What Is the New Home Construction Process Timeline?

When buying a home, one of the best ways to ensure you get the house of your dreams is to buy a new construction property. In many cases, new homes are more affordable, easier to buy (no haggling), and cheaper to insure than pre-owned homes. But you may be wondering, what is the new construction homebuying process, and how long does the homebuilding process take? These elements are important if you're buying a home that hasn't been built yet. 


Keep reading to gain an understanding of the new home-building timeline!


Factors That Affect the New Home Construction Process Timeline 

Typically, the new home construction process consists of planning, site preparation, construction, and adding the finishing touches. However, multiple factors can delay (or quicken) this time frame. The most common factors that can affect homebuilding include the following.


Home Size and Complexity

As you might imagine, building a multi-story home is more complicated and takes longer than building a one-story structure. Similarly, the more rooms and add-ons a home has, the longer it takes to construct. 


However, it's not just the number of rooms that affect the complexity of the construction process. For example, bedrooms and living rooms are easier to build because they require less infrastructure (beyond electricity). However, bathrooms and kitchens can take more time because they need plumbing and electricity, along with ductwork, backsplashes, and storage space.


Site and Location 

The location of a new house affects multiple parts of the new construction homebuilding process. For example, some states have different regulations, such as zoning and building codes. So, crews must abide by these rules before they can break ground or start working on the foundations. Other factors can include: 

  • Transportation—When homes are in a residential district, it's relatively easy to bring trucks, crews, and materials to the job site. However, if a house is in a remote location with fewer roads (or more natural obstructions), the time frame extends accordingly. In some cases, crews may have to clear a site of trees, rocks, and other features before they can mark the foundation.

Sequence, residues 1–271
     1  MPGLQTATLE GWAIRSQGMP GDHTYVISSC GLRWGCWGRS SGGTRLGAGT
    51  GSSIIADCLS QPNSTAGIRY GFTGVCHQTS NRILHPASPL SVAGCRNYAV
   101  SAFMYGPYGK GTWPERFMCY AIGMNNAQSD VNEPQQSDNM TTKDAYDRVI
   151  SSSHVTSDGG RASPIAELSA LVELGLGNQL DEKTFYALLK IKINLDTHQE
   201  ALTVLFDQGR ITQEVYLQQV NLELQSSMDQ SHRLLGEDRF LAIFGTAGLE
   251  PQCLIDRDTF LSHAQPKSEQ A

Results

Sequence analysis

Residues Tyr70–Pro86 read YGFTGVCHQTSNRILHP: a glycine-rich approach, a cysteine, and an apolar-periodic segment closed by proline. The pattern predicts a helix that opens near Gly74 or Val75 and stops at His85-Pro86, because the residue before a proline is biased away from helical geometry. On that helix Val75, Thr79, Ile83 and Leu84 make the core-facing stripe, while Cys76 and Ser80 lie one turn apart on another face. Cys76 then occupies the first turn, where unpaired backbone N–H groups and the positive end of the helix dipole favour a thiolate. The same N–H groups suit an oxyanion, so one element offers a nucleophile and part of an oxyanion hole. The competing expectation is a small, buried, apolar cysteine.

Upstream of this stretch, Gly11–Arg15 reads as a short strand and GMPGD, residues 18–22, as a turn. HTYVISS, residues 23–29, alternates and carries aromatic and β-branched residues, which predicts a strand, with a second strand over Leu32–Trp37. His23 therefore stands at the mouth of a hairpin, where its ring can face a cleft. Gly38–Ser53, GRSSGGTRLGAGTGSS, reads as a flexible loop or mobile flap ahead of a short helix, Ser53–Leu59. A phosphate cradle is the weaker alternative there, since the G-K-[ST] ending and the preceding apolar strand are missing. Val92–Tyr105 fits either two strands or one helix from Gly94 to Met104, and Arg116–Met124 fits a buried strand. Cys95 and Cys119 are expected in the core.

• Nearby Structures—One advantage of building in a relatively remote area is that crews don't have to worry about disrupting neighbors or local businesses. So, if a new house is going up in a residential district, workers have to consider noise complaints and potential contamination of chemicals or waste byproducts.
  • New Development—In many cases, new construction homes are built as part of a community. When this happens, it's much faster to get everything done because crews can build multiple homes at once and not worry as much about neighbors or transportation. 

Material Availability 

Different parts of the country are easier to build in than others. For example, Hawaii is the most expensive state to build new homes in, as it costs an average of $205 per square foot. Massachusetts is also pretty expensive, at $192 per square foot. 


By comparison, Mississippi and Arkansas are the cheapest states in which to build, with an average cost of $137 per square foot. That said, the type of home also matters. For example, a wooden house is often more affordable than a similar structure made from bricks, metal, or concrete. Also, as we mentioned, larger houses will cost more because they require more materials, and depending on the area, high demand could cause shipping and transportation delays.


Weather Conditions 

Building in inclement weather doesn't work because rain, sleet, and snow can cause unnecessary wear and tear or damage interior components. However, once the roof is in place, workers can still handle interior spaces when it's raining. 


That said, stronger weather systems can also cause delays. For example, high winds can blow structures down or cause partial damage to the home. Also, if you're building in an area with natural disasters, they can destroy part or all of the building.


The 7 Stages of Building a Home 

Building a house is a lengthy and multi-step process, and each stage can take a while to complete, depending on the situation. Even if everything else is going according to plan, something could still delay construction and make it harder to finish on time. Here's an overview of the new home construction process timeline.



Planning and Design 

During this phase, architects come up with the design of the house, including dimensions, features, and even the materials needed for the project. This phase may include various experts to provide insight into everything from which materials will work best (or can be sourced easily) and whether a proposed design will work or not. 


Overall, this stage can take anywhere from a couple of weeks to a few months, depending on the complexity of the project. If the home is part of a planned community, the planning stage usually encompasses multiple home designs and layouts.



Before construction can begin, the home builders must get permits from state and local regulators. These permits can include a standard building permit, well or septic permits, and road cut permits (for driveways or neighborhood roads). However, some municipalities may have other specific permits, and each city and county enforces its own building codes and regulations.